The reason it can take years to find a job is because of this.

    Something I cannot understand is why people think it is an employers responsibility to pay a woman to take leave to have a baby, it was not the company that this woman worked for that decided to have a baby it is the women and her partners responsibility, why should it be that of the company she works for? Small businesses struggle to keep afloat as it is, one of the reasons they employ with backhanders. As other minimum wage regulation builds you will find more small businesses closing and more people becoming unemployed, I am a great believer in employing more people for less money than employing less people for more money, that way everyone gets a little bit of the cake. There can be regulation to protect workers but at the rate it’s going there will be less and less opportunities for people to actually get work…. because it just won’t be available.

  6. Yes, the costs of employing someone in Spain (and of employing yourself, as a sole trader) are prohibitive to the point of abusive. And that’s precisely WHY there’s so much worker exploitation, and a huge ‘black’ economy. But at the same time, good working conditions and a wage you can live on mean contented, loyal staff who give a far better service than their basic job description tells them to, and they’ll actively sing the praises of their firm in public. All this leads to more satisfied and, ultimately, more customers. A living wage also means that once people have paid their bills, they can spend what’s left over in other businesses, boosting trade, and eventually creating new jobs. It’s a chain reaction: You can barely make ends meet, you stop going to restaurants, those restaurants close down because so many of their old customers are in the same boat, restaurant staff are now on the dole, where several restaurants take the same decision suppliers and contractors have to lay people off…

    As for maternity leave, I don’t know about the UK, but in Spain this is paid by the State. Your Social Security contributions via your payslip/self-employed status are like an insurance premium towards this. Maternity leave in Spain is also woefully short, with infants weaned too early and packed off to a nursery as their mums have no choice.

    We simply cannot have a society where a woman has to choose between earning money and having a baby. Having children costs more, not less. If women aren’t guaranteed a return to work after maternity leave, they’ll decide not to have children, because they really have no option. The result is a non-existent birth-rate. In Spain, natality rates are in free-fall: Many women my age are resigned to the fact they’ll never be mothers because there’s no financial help and they can’t risk the threat to their jobs, if they have them. The longer-term result is that the next generation is too small; not enough workers to generate wealth and pay taxes compared with the numbers needing more healthcare as they age and needing State pensions and so on. Shortage of doctors and nurses, leaving the health service in crisis. Shortage of everyone: scientists (no cancer research; not enough researchers), etc etc. This is the reality of a society which gives parents no support in BECOMING parents. Women need job security if they plan to have babies; imagine, you get fired for getting pregnant, suddenly you’ve no income and you’re saddled with a child to feed, and no job to go back to. Would you take a decision that left you with no income and limited chance of getting one in the future?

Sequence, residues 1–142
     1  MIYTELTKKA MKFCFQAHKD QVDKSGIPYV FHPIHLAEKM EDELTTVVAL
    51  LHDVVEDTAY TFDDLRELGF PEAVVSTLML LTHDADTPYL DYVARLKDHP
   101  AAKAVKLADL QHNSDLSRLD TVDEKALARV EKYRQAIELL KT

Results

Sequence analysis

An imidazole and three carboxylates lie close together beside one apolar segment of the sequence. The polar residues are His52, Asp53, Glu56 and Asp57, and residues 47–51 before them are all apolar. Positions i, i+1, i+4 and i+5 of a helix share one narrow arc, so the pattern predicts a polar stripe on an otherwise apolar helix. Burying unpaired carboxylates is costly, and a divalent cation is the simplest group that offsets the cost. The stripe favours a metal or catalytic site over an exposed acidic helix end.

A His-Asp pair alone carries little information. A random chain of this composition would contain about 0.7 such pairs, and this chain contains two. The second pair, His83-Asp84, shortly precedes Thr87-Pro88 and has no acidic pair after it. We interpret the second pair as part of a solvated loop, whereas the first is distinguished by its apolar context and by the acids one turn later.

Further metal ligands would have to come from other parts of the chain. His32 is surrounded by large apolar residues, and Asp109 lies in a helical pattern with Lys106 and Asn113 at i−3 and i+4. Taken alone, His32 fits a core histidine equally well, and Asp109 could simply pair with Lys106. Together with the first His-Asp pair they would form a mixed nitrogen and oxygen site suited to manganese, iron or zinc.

Small businesses I sympathise with greatly because of how difficult it is to stay afloat here, especially if you need premises and are at the mercy of greedy, short-sighted landlords, but you can’t have it both ways: if you want to take on staff, you have to be able to afford to give them humane conditions and a wage they can live on. Large national and multi-national firms have a moral and economic duty to do far more than this, but you cannot justify near-slavery just because your business is too small to afford proper working conditions. If that’s the case, don’t take people on until you CAN afford it.
    This, though, is where government action is needed once and for all and not a day too soon: it costs employers a fortune to take on staff, and self-employed persons to BE self-employed. These costs need to be slashed, and not just for six months or the first two years in trade, but indefinitely. Once full employment in decent conditions is a reality, THEN they can start increasing costs of employing people, but right now they need to have some common sense and reduce them to the absolute bare minimum.

    As for more people on less money, etc, google the ‘Stockholm experiment’. It’s about working hours rather than pay, but it really makes one think and shows how the entire fabric of a job market needs an overhaul.